>Do You Need "Tough Skin" to Be a Pastor?

>Saw the cartoon below over at David Hayward’s site, NakedPastor.  Now, having followed David’s blog and comics for a year or so, I know that he had a difficult period in his ministry.  I think he resonates with the cartoon.

For myself, I can think of a few instances where “tough skin” or “thick skin” were definitely needed in my own ministry–two more painful than the others.  In one case, my desire to do outreach to Hispanic persons in the community was met with a loud rejection by some members of the congregation I served.  There were angry letters and angry meetings.  But, probably the most hurtful part was persons walking out of the worship service before communion.  That seemed like an intentional attack on my pastoral identity.  Was it?  I don’t know.  A lot of years have come and gone since then.  Everyone’s moved on.  But, even though I had to have tough skin and try not to take it personally, I’m not sure I did a very good job with that.  The other serious case is less defined and harder to describe.  However, it involved persons questioning my integrity, my trustworthiness.  There was one real bad meeting that involved my wife leaving in tears.  It was painful.

But, I’m not sure I ever thought of it as having “tough skin” but rather trying to see what the underlying reasons for the complaints/concerns/attacks were.  I guess I’ve always known that many of the hurtful issues that come up in the church really aren’t so much about “me.”  (There may be some that were about me.  I’ll admit that.)

On the other hand, I guess being able to step back and look at the root causes of crisis and concern and not take it all personally does require “tough skin.”

Thanks, David, for making me think today.

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>Sometimes I’m Unwanted

>A partially elevated (patient's upper body) Hi...                               Image via WikipediaYou know, as a pastor-type person, I have in me some strong desire to make things right.  I like to fix things.  I like to bring comfort to persons.  I like to come into difficult situations, perhaps like a knight in shining armor, to offer the love and peace of Jesus Christ.  And so, when I hear of folks hurting…when I know of a car accident or a loss of life…when I hear of marital difficulties…when someone’s REALLY sick I want to throw on that breastplate of righteousness, pick up my shield of faith, don my helmet of salvation, and carry my sword of the Spirit (Ephesians 6) and MAKE THINGS RIGHT…or at least MAKE THINGS BETTER…or at least…HELP.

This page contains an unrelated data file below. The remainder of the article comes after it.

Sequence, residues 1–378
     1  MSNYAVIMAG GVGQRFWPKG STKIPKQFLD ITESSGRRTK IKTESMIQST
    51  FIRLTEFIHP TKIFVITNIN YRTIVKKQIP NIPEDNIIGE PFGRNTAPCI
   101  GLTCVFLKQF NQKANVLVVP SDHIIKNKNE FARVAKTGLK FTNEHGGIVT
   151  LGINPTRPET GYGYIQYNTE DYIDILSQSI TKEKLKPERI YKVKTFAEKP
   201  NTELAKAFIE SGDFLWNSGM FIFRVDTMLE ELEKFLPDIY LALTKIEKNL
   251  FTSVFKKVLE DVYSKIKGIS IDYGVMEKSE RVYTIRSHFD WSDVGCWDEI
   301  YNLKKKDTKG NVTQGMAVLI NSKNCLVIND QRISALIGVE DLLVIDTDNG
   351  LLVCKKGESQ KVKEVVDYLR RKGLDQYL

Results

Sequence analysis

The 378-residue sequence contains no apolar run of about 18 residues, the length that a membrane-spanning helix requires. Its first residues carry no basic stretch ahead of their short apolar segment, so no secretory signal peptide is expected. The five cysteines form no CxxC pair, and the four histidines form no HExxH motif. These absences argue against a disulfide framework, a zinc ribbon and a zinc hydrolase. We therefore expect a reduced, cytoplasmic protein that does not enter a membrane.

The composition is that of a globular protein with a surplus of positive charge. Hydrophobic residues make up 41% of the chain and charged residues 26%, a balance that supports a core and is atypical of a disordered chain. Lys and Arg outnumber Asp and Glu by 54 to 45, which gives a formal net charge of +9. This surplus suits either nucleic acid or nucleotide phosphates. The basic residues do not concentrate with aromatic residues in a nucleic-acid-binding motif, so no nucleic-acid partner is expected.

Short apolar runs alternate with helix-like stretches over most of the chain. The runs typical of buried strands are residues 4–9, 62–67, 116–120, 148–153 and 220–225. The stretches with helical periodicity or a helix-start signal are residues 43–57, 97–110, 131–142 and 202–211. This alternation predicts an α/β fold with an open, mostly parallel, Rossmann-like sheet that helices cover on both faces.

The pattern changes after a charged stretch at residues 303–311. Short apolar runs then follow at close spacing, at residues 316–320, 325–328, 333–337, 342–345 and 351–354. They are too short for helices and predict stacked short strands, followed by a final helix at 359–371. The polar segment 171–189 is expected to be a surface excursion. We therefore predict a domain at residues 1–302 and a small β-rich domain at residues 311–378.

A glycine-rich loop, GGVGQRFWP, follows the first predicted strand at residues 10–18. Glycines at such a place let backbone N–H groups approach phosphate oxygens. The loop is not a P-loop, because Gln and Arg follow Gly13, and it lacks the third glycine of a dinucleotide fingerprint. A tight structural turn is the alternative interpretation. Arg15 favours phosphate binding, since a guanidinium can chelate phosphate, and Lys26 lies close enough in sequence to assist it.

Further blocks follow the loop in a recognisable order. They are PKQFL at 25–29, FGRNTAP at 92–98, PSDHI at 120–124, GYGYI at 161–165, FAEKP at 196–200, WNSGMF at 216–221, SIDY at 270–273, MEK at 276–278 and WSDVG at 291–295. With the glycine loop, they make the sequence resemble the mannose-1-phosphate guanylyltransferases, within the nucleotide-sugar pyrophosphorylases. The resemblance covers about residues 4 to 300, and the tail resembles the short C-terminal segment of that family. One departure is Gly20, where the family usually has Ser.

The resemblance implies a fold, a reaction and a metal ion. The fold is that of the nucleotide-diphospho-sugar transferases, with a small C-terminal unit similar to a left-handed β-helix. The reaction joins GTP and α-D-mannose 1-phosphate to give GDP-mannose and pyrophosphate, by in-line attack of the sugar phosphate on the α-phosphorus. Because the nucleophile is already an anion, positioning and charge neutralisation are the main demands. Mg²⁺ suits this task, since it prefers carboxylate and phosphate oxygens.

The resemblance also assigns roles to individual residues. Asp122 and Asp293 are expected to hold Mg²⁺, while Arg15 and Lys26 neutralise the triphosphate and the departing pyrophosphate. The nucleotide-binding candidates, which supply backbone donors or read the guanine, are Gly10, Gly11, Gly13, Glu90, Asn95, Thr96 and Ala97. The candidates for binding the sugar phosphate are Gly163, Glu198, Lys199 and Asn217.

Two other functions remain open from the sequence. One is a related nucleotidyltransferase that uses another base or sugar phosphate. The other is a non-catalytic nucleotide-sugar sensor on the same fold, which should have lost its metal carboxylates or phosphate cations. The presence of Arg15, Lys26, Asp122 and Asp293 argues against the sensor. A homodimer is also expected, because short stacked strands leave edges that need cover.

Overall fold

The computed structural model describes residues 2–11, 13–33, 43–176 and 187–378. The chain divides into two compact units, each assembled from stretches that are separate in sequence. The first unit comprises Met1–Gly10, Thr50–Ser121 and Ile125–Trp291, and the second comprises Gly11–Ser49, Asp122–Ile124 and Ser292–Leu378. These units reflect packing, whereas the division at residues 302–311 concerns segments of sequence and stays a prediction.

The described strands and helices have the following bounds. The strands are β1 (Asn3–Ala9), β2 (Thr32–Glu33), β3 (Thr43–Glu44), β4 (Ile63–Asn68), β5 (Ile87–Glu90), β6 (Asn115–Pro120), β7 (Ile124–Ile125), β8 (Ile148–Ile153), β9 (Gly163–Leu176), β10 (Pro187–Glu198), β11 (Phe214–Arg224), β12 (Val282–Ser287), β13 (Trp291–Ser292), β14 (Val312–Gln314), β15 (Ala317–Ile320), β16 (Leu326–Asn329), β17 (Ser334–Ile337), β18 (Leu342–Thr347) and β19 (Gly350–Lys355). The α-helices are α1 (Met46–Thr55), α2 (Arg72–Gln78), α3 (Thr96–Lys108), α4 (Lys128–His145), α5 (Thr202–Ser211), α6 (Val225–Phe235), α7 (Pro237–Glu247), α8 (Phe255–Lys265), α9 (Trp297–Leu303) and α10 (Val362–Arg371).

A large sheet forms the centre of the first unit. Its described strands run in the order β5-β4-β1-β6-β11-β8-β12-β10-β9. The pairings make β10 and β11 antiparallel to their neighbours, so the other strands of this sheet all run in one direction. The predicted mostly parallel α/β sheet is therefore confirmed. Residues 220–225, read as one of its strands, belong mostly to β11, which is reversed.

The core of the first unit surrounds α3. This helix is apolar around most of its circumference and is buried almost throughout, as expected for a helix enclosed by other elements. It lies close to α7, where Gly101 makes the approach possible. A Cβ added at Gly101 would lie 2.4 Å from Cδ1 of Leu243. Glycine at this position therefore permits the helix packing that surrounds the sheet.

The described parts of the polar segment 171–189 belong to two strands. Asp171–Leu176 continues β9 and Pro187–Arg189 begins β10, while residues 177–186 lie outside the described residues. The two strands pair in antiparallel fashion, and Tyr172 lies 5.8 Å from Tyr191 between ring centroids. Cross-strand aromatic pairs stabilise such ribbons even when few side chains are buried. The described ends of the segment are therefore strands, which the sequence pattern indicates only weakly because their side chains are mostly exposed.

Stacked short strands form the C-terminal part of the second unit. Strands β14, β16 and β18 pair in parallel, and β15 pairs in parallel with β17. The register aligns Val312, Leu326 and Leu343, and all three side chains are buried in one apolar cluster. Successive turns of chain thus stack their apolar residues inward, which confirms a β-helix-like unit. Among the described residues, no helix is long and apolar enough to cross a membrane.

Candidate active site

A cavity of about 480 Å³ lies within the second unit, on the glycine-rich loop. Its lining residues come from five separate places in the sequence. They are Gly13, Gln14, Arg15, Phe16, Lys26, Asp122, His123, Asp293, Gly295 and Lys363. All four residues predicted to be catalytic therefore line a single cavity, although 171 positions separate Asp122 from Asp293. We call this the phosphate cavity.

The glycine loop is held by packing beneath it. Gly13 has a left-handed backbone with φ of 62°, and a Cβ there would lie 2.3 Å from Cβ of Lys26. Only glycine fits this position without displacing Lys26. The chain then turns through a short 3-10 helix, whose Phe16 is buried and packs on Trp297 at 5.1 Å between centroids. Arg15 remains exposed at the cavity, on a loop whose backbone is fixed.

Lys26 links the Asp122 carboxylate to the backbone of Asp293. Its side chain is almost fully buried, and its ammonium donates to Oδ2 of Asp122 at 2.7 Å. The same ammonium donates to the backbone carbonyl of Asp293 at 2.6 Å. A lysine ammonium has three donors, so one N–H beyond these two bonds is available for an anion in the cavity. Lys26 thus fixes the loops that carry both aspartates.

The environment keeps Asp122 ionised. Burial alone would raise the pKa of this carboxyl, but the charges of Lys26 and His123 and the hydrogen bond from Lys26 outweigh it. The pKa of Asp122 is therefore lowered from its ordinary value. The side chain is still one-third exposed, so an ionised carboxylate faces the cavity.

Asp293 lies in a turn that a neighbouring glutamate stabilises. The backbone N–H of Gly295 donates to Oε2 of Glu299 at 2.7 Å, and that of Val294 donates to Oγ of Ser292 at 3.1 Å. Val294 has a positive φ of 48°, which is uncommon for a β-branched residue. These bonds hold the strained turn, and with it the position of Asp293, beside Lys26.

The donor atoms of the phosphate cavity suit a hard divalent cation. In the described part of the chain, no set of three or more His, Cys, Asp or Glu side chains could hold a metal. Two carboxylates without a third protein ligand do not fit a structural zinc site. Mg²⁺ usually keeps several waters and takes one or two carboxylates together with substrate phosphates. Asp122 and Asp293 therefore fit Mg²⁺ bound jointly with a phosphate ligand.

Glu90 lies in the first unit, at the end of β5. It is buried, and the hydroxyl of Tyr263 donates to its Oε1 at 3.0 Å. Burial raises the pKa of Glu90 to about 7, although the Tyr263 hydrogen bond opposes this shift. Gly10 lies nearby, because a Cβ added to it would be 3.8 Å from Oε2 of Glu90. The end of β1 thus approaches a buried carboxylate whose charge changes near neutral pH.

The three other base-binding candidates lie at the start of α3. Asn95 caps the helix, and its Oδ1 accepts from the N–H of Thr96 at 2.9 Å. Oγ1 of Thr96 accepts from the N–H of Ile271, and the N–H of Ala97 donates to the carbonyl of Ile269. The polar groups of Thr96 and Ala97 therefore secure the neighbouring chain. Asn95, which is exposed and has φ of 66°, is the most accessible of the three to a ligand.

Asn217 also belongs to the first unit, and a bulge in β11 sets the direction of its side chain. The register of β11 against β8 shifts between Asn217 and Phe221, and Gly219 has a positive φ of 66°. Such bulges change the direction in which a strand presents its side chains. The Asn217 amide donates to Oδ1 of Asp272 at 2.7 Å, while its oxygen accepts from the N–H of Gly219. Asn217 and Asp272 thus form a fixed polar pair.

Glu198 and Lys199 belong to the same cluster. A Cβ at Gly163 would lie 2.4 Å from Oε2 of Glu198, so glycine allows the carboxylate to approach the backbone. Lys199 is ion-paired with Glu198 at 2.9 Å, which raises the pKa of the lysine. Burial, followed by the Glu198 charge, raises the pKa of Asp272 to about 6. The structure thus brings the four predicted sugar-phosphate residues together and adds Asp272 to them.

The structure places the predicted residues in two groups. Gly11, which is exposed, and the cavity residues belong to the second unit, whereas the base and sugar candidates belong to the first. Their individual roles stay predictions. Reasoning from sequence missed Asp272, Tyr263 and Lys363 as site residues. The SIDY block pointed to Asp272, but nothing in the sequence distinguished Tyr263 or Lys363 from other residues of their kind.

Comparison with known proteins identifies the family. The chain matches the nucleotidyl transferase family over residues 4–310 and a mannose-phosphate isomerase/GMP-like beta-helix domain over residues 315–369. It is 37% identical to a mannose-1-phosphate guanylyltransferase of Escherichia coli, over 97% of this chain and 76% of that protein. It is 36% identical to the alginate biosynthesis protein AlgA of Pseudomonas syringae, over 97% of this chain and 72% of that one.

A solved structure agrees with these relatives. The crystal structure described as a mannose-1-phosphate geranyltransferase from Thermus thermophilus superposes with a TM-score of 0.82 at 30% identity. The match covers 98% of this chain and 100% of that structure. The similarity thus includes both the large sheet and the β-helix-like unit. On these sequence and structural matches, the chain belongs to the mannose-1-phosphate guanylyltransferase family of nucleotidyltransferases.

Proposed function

Not everyone wants to be helped.  Some persons want to get through things on their own.

And, not everyone wants the particular help that I offer.  Some persons would really rather surround themselves with family and friends, without any of the “religious stuff” that I tend to bring with me.  They don’t want to pray.  They don’t want someone to hold their hand who isn’t their spouse or child or parent.  When I walk into a hospital room, for instance, I can’t help but be “pastor” there.  And there are some persons, even persons in our own church community, who don’t want that at their hour of need.  There can be many, many reasons for this and I’ve been at this gig too long to take it personally.

But, still…that’s hard to accept at times.

I can’t do anything but accept it.

But it’s hard to accept at times.

And so, whether they know it or not, I pray for them.

And so, whether they know it or not, I hurt for them.

And so, whether they know it or not, I pastor them…as best I can.

And, I pray that it helps.

I pray that it’s helping now…

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>"I am a Pastor" — Quote from Eugene Peterson

>Eugene Peterson lecture at University Presbyte...Image via WikipediaIn the secularizing times in which I am living, God is not taken seriously. God is peripheral. God is nice (or maybe not so nice) but not at the center. When people want help with their parents or children or emotions, they do not ordinarily see themselves as wanting help with God. But if I am going to stay true to my vocation as a pastor, I can’t let the “market” determine what I do. I will find ways to pray with and for people and teach them to pray, usually quietly and often subversively when they don’t know I am doing it. But I am not going to wait to be asked. I am a pastor. (The Pastor: A Memoir — p.142)

(HT — The Internet Monk)

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>"Jim, Can We Find Some Time To Talk This Week?"

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At church this past Sunday, one of my parishioners–a friend, a leader, someone whom I truly care for–came up to me after the worship service and asked, “Jim, can we find some time to talk this week?”